At St. Clarets, a school in the village of Karumathur in southern India, kids have a chance to prove their moral mettle daily. Each classroom has an “honesty shop” from which students can help themselves to a table piled with snacks like candy, muffins, and samosas, using the honor system to pay for the items by slipping money into a cash box.
Student representatives keep a weekly tally of whether the balance in the box is correct—which it usually is. In fact, NPR reports that the students had an exceptionally honest year in 2017, with the school’s honesty shops coming up just $13 short, well below the average annual loss of $28.
What’s the secret to the students’ scruples? According to headmaster Father Soosai Manickam, positive reinforcement is key. In the past, if there’s been a dishonest streak, the school sits down for an assembly and teachers suggest that the students work to be more honest in the future. But starting in January, 2019, “instead of naming the classes that have shown a deficit and telling them that they can do better, we intend to praise the ones that have been completely honest,” Manickam tells NPR.
This approach to cultivating kids’ honesty is in keeping with a growing body of research that shows that shame isn’t just ineffective as a teaching strategy—it’s actually counterproductive.
Writing in the education journal Phi Delta Kappan, Joan Goodman explains that shame chips away at people’s self-worth. Compared to the emotion of embarrassment, she says, ”shame is a more totalizing experience and carries with it a more powerful message: You are inadequate, not the equal of others, without the same dignity.”
Shame discourages meaningful personal growth and introspection, Goodman writes. “The shamed child is unlikely to reflect on whether and why her behavior was wrong; more likely, she will conclude, ‘I must have done wrong because you think I did.’ The adult’s judgment overwhelms whatever proclivities she might have for independent assessment of the situation.”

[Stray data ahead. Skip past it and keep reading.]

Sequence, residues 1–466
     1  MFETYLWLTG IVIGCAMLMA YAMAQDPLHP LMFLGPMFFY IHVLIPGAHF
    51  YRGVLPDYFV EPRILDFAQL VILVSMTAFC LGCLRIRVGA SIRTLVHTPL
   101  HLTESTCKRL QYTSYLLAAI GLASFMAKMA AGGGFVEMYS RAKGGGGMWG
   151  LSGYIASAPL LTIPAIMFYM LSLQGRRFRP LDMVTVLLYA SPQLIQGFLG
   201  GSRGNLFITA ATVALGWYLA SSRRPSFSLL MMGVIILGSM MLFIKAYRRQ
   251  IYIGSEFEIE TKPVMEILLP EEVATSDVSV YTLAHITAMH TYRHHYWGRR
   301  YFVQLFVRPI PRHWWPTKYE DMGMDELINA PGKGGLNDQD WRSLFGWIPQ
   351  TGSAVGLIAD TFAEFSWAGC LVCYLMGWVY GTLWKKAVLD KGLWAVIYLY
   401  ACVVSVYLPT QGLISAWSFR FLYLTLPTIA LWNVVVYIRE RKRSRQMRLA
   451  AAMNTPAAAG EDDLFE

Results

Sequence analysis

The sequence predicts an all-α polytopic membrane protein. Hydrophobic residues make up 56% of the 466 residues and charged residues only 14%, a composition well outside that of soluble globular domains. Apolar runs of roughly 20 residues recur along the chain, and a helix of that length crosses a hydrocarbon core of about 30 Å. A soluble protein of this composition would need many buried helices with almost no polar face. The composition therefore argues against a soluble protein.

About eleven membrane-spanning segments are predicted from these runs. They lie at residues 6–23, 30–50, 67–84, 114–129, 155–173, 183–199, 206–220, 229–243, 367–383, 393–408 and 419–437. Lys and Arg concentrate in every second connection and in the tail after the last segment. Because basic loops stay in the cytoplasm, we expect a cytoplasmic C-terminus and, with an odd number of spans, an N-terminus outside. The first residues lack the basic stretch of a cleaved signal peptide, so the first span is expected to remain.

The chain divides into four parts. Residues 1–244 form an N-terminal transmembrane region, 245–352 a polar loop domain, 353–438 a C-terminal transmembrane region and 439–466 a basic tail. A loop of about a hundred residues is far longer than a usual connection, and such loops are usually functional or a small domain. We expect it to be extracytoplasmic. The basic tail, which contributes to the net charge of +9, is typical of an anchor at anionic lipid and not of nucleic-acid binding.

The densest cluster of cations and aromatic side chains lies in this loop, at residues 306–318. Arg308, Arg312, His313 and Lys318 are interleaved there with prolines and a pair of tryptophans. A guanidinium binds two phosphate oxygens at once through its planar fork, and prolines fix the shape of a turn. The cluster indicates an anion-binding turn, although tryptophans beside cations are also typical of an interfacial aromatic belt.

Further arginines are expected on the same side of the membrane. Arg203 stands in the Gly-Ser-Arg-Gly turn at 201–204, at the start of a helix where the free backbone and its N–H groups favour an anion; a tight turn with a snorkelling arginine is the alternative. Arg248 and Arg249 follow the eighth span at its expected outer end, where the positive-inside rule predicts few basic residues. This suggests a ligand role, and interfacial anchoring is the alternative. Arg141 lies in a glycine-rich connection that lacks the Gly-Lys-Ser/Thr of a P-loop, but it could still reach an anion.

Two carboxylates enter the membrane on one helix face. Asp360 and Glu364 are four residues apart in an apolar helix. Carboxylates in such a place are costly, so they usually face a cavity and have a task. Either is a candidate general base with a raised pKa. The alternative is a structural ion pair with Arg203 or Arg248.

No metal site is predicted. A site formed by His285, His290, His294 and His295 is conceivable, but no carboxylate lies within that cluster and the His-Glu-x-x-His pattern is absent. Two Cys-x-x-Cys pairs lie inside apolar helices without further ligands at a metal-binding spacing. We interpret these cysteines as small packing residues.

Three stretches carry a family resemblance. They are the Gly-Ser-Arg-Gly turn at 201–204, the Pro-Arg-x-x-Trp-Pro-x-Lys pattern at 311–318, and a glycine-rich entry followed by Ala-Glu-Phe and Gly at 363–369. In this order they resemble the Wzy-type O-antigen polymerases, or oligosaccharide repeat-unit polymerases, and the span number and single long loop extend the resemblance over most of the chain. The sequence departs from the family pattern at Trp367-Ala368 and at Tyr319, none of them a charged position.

Shame has a long history in schools, most famously perhaps in the form of the dunce cap. Dismissive comments from teachers, bullying from other students, and a general sense of apathy and unwillingness on the part of teachers and administrators to help students who may be struggling can all produce shame. Students who experience school through the lens of shame often shut down in a way that prevents them from learning. ”Many children who have difficulties in school are simply passed from grade to grade without ever learning the basic skills necessary for a productive life,” Ann Monroe writes in The Educational Forum. “These children grow to know themselves as failures and are continuously shamed by their perceived weaknesses.”
Shame is similarly limiting outside the classroom setting. A 2017 report by the World Health Organization found that people who experienced obesity stigma, who were humiliated, bullied, or shamed for their body size, were less likely to seek medical care, less likely to exercise, and more likely to suffer from depression and anxiety and to engage in disordered eating.
The simple alternative to shaming children and adults alike for certain behaviors is to offer praise for positive ones. St. John’s school in Madurai, India was inspired by St. Claret’s to start their own honesty shop to cultivate a culture of honesty. Rather than threatening the children with punishment, and humiliation, for making mistakes, teachers have created a place where good behavior is its own reward. “It works because it makes honesty a team effort,” Father J. Joseph Victor Das, the school’s principal told NPR. “Rather like a sport.”